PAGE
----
Sefton goes after numerous common misconceptions. The path of electrical energy in circuits, versus the different path followed by currents. And, the "static electricity" which drives all electric circuits. Carriers flow slowly, energy goes fast. Circuits are coils, circuits are capacitors. This is a physics paper for non-physicists, light on the math.

Energy transfer in electric circuits: Qualitative, Galili/Goihbarg 2004
From American Journal of Physics. Another Poynting-based explanation of simple DC flashlight circuits, details of the EM energy-flow. A bit heavier on vector field concepts than with the above paper by Sefton.

What is 'electricity?' The experts have very clear things to say about this. They contradict the way typical K-12 textbooks define and explain "electricity." So who's the greater authority, your grade-school textbook, or Maxwell/Faraday/Einstein etc.? Why should we believe the CRC handbook and NIST/SI standards group and Millikan and Thompson, since the great and powerful World Book Encyclopedia disagrees with them?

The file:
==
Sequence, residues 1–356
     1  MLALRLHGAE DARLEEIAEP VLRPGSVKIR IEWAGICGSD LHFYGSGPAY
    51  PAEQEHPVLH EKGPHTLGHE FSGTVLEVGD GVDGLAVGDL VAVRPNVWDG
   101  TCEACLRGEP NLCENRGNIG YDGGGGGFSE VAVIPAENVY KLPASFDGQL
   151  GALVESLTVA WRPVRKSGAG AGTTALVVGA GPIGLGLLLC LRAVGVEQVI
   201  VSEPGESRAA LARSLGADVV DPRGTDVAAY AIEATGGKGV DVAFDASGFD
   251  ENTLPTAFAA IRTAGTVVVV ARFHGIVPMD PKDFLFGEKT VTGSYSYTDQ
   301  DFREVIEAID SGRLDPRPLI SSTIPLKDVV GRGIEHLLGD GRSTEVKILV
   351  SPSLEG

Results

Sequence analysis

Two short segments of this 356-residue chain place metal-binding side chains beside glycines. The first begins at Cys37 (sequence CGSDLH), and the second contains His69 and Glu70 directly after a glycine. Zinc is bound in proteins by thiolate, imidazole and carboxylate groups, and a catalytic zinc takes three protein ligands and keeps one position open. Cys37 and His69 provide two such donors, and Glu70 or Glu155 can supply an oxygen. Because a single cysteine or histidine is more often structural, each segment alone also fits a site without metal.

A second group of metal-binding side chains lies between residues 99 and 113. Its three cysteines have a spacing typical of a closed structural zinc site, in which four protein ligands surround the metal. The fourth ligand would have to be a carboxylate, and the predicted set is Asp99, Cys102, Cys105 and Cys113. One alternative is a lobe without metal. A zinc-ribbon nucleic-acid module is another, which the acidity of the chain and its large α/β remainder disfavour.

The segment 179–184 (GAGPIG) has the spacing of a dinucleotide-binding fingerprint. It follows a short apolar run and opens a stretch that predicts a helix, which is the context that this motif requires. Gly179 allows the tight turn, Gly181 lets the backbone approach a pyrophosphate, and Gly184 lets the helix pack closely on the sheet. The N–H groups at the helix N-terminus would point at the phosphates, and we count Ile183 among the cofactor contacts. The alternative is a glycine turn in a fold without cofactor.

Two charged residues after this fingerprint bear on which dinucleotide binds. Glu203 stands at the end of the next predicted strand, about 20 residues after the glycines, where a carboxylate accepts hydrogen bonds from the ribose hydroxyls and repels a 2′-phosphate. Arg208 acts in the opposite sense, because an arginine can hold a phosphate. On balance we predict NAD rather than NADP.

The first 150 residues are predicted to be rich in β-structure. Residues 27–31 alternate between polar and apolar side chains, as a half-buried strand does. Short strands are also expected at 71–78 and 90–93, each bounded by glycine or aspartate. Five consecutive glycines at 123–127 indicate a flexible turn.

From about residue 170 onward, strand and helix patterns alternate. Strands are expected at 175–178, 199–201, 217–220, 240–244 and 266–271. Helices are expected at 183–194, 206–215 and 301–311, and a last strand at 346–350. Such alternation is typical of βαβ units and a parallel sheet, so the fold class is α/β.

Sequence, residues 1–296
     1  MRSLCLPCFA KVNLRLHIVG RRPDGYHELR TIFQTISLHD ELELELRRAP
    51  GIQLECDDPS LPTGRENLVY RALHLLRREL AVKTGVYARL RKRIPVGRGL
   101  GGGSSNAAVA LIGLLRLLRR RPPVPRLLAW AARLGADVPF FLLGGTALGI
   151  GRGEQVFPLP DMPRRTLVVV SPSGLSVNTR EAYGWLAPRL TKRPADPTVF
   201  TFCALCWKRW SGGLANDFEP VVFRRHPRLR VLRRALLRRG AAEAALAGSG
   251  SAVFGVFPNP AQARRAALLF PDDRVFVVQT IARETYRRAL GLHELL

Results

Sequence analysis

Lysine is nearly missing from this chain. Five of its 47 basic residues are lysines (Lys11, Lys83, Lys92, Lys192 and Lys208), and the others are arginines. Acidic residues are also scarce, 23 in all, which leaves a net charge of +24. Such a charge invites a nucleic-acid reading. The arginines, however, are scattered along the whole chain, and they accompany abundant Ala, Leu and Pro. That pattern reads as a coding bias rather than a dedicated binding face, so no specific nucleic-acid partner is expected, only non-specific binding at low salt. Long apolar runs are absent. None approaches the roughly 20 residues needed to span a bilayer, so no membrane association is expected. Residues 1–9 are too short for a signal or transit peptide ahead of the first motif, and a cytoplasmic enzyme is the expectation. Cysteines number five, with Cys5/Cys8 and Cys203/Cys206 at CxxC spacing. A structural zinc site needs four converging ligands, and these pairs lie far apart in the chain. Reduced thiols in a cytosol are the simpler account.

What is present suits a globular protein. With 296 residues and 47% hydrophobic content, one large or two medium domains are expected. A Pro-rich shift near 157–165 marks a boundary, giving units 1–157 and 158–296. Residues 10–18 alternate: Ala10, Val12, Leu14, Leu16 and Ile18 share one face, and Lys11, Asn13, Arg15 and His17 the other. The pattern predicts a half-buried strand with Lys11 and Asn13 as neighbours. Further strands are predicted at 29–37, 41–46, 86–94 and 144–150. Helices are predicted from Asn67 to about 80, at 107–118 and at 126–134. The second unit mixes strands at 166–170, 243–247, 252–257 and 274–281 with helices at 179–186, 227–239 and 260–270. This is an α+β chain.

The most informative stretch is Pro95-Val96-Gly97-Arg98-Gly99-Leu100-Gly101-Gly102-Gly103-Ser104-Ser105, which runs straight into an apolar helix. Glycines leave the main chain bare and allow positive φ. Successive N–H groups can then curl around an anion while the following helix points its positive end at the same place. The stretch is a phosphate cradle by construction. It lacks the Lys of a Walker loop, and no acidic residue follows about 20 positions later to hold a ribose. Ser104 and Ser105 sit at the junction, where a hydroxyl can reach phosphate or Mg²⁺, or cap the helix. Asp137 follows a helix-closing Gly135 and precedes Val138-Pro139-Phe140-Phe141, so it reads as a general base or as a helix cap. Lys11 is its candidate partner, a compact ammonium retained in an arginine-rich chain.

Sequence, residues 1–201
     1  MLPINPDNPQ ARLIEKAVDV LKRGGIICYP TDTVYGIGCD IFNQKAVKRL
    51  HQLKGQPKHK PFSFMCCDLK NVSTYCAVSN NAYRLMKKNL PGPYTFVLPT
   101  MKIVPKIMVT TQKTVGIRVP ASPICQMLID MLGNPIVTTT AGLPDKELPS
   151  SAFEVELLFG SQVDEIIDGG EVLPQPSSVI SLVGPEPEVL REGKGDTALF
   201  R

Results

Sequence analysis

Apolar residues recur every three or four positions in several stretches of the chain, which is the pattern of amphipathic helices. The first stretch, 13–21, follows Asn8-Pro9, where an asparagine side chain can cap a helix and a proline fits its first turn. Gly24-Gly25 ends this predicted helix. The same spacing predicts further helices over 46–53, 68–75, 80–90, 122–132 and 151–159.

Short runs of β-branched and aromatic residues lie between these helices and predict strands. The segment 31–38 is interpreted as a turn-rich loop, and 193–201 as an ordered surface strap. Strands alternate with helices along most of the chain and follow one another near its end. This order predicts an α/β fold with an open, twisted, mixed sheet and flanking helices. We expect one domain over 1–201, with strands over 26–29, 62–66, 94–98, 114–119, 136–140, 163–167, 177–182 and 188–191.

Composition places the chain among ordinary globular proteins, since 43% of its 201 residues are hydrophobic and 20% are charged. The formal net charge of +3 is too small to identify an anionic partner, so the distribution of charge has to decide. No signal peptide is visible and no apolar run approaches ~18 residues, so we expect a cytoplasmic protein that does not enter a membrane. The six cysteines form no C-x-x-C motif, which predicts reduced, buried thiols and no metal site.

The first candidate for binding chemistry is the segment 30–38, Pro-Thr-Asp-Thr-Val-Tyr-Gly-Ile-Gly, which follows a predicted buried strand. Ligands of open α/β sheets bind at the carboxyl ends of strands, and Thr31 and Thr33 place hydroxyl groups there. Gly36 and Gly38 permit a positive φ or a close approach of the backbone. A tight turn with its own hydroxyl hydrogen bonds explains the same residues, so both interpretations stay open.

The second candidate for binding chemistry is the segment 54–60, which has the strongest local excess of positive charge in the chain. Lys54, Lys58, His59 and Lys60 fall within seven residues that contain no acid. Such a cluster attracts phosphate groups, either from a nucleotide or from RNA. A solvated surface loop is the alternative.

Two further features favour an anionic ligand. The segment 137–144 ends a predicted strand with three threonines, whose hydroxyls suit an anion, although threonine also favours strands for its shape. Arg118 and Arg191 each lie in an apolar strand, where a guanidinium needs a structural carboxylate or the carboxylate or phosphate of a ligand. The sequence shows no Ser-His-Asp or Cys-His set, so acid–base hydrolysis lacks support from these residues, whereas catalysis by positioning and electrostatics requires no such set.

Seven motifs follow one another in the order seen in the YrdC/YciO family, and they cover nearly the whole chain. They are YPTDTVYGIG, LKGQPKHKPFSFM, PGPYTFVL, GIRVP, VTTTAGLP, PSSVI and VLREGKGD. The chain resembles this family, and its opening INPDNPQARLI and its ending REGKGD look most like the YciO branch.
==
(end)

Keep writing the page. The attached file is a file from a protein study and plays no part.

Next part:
ACTUAL RESEARCH PAPERS: A large, excellent collection of research on electricity misconceptions:
Verlag Schmidt & Klaunig, 1985 (QC530.A78 1985)
(Not online, order it through interlibrary loan!)

More research: There's a handful of papers in these conference proceedings: Meaningful Learning Reseach Group:


For a K-12 classroom textbook which is far above average, try Prentice Hall's "Science Explorer" series, the volume on "Electricity and Magnetism" by Dr. C. Wainwright of the excellent CASTLE project. This one dates from 2007, and like Dr. M.S Steinberg's CASTLE program, it lacks all of the misconceptions I discuss on this site. I don't know if later Prentice Hall editions lack these errors. Wainwright isn't a listed author on the other editions, and few authors are aware of the ongoing scandal regarding textbook errors (or are even aware of their own misconceptions.)